Alternatively, and/or additionally, another cell surface marker that may be associated with IDO expression is CD123. CD123 (the IL3-receptor α chain) is expressed on the small population of lymphoid-lineage "plasmacytoid" dendritic cells in peripheral blood (Liu, Y. J., Cell, 106: 259-262 (2001)), but it is also expressed at lower levels on a poorly-defined subset of myeloid-lineage dendritic cells in vivo (Olweus, J., et al., Proc. Natl. Acad. Sci., USA, 94: 12551-12556 (1997); Summers, K. L., et al., Am. J. Pathol., 159: 285-295 (2001)).
Other cell surface markers may be used to identify IDO+ cells. Thus, in an embodiment, a majority of IDO+ APCs express the myeloid-lineage marker CD11c (FIGS. 3A and B). Thus, in an embodiment, IDO-expressing, tolerance-inducing APCs may comprise the cell surface markers CD123, CCR6, and in some cases, CD11c.
In an embodiment, the specific pattern of markers that identifies the IDO+ (or IDOLO) population varies depending on the biological signal which triggers generation of the APC population. For example, CD11c is expressed at low levels in IDOLO cells cultured in bovine calf serum based medium but is expressed at higher levels for the IDOLO culture in serum-free medium.
Enrichment using the cell surface marker may be used to alter the composition of the preparation such that it displays a higher level of IDO activity as measured by suppression of a T cell proliferation assay (e.g. an allogenic MLR). For example, and referring now to FIG. 4, CD123 enriched (CD123+) APCs may be markedly less efficient at stimulating T-cell proliferation than either the original unfractionated mixture, or the CD123 depleted subset (CD123LO) that remains after sorting. In an embodiment, the lack of T-cell activation is due to IDO expression, as shown by the ability of the IDO inhibitor, 1-methyl-(D,L)-tryptophan (1-MT) to prevent suppression.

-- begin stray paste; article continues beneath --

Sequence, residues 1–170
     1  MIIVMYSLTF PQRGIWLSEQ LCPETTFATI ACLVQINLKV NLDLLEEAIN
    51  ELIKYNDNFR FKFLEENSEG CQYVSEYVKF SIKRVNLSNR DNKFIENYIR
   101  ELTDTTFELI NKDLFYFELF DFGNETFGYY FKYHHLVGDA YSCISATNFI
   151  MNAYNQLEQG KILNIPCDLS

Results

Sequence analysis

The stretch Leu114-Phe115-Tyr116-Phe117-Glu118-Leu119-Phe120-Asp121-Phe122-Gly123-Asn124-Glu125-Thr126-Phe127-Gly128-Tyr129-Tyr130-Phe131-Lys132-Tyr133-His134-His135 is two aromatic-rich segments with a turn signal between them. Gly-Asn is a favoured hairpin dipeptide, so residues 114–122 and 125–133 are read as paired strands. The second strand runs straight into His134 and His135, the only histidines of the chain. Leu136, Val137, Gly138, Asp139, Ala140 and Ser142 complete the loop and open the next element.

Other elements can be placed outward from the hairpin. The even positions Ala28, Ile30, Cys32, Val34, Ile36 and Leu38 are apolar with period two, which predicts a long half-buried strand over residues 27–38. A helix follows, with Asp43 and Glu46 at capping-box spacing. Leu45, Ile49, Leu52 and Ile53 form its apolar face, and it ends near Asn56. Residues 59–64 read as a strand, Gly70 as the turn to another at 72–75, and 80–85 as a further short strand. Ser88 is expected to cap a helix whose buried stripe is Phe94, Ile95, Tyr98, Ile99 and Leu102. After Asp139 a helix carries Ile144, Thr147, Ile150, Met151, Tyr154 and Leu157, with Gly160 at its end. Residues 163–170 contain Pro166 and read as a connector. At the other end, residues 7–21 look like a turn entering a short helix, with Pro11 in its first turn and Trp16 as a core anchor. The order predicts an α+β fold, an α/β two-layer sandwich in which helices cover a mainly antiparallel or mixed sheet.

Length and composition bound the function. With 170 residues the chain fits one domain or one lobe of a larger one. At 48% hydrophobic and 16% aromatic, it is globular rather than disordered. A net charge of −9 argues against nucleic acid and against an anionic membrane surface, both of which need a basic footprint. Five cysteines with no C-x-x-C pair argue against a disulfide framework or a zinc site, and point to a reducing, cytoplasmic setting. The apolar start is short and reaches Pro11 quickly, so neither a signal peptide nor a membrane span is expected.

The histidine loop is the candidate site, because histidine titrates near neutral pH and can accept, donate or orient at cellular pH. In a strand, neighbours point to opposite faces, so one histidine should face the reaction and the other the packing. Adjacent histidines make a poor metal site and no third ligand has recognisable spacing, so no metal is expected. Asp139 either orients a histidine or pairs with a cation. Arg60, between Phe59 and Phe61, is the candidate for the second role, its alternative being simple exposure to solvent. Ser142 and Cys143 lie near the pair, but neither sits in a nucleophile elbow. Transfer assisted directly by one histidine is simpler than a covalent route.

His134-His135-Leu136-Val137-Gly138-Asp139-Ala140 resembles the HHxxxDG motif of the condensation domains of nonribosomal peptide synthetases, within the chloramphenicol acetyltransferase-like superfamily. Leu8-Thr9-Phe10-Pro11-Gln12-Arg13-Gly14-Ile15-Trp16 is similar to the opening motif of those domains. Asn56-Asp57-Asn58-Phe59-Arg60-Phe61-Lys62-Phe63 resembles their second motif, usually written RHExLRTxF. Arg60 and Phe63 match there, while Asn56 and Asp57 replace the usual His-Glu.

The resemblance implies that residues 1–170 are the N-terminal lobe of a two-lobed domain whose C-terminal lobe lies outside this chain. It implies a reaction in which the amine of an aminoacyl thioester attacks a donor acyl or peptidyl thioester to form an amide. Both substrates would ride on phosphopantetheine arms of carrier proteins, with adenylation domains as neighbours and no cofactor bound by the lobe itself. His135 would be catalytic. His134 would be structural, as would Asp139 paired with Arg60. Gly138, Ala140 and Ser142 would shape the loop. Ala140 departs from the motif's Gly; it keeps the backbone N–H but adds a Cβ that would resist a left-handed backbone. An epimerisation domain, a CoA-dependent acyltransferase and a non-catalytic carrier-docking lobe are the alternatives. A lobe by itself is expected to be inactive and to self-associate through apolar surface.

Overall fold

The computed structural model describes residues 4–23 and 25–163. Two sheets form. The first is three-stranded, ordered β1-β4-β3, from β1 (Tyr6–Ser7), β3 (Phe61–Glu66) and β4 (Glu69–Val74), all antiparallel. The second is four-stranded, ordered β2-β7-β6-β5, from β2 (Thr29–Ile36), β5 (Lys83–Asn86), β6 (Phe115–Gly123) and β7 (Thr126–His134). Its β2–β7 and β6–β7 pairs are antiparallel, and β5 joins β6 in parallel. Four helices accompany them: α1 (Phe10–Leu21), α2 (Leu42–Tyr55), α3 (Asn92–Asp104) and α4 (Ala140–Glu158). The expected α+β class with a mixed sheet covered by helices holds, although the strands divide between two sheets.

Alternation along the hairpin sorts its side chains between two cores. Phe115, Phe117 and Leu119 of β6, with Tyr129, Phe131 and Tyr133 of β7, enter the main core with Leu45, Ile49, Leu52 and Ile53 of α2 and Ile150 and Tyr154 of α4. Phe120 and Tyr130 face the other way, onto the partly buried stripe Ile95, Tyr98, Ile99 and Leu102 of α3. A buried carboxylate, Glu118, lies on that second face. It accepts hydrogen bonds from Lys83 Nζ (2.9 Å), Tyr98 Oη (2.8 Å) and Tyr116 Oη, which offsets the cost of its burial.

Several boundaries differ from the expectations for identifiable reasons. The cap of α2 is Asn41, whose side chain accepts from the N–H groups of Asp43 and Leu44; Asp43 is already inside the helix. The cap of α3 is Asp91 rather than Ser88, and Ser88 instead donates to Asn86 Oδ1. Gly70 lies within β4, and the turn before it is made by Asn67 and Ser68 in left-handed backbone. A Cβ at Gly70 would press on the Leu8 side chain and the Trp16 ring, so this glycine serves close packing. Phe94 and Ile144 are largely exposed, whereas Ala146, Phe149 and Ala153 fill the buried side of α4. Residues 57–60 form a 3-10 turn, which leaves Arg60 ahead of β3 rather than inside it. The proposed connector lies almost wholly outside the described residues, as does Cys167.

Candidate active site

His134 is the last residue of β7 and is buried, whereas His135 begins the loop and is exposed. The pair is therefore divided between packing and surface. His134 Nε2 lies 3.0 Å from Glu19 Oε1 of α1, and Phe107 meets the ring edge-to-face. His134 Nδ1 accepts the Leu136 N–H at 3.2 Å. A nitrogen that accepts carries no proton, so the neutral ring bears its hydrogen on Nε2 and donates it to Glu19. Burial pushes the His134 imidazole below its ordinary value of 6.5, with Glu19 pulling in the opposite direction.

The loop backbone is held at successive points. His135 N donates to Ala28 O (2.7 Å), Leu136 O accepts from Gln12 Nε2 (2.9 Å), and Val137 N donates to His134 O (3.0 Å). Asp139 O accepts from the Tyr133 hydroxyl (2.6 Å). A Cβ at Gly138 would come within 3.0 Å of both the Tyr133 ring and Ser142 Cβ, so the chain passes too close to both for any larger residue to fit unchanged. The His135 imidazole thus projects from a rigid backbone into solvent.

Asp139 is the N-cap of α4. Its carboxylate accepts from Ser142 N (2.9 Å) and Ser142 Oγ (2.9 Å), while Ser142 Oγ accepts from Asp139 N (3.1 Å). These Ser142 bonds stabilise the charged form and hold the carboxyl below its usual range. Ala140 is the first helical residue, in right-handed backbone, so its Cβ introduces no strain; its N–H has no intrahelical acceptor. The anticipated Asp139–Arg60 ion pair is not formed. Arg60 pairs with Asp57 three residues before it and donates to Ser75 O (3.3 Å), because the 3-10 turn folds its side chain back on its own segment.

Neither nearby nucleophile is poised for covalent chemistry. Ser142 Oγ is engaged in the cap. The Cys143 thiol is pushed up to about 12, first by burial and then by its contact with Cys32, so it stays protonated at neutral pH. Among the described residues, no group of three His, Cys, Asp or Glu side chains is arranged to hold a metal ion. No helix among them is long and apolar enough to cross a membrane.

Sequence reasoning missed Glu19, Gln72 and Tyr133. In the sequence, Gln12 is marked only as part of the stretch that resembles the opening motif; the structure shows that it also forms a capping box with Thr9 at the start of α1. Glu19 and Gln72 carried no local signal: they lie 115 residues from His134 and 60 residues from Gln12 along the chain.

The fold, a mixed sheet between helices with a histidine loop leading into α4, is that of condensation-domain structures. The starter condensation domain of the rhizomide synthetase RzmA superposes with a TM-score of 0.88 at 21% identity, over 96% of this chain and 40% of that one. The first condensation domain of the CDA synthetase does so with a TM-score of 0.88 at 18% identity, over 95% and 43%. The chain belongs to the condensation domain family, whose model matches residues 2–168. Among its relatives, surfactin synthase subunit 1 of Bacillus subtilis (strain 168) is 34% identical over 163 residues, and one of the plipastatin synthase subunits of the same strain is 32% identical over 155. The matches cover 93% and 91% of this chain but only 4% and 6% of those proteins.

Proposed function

In an embodiment, a marker associated with IDOLO cells comprises CD14. CD14 (the endotoxin-binding protein receptor) is a well-accepted marker for cells of the monocyte-macrophage lineage (Szabolcs, P., et al., Blood 87: 4520-30 (1996)). Monocyte-derived dendritic cells down-regulate CD14 to undetectable (background) levels when they differentiate along the dendritic cell lineage (Pickl, W. F., et al., J. Immunol. 157: 3850-3859 (1996)). Mature myeloid dendritic cells do not express CD14 (K. Shortman and Y.-J. Liu, Nature Reviews: Immunology 2: 151-161 (2002)). Thus, in a culture comprising both mature DCs and a second population of non-dendritic APCs expressing CD14, the expression of CD14 can be used to distinguish between the two populations.
For example, as shown in FIG. 3D, adherent cells taken from culture of monocytes in serum-free medium supplemented with GMCSF+IL4 and matured with a cocktail of TNFα, IL1β, IL6 and PGE2 as previously described (Jonuleit, H. et al., Eur. J. Immunol., 27: 3135-3142 (1997)). These cells are not IDO+, but they express markers of APC function (MHC class II, CD80, and CD86) at levels similar to non-adherent (IDO+) cells from the same cultures. Greater than 95% of the IDOLO adherent cells express CD14, whereas less than 10% of the IDOLO adherent cells express CD123 or CCCR6.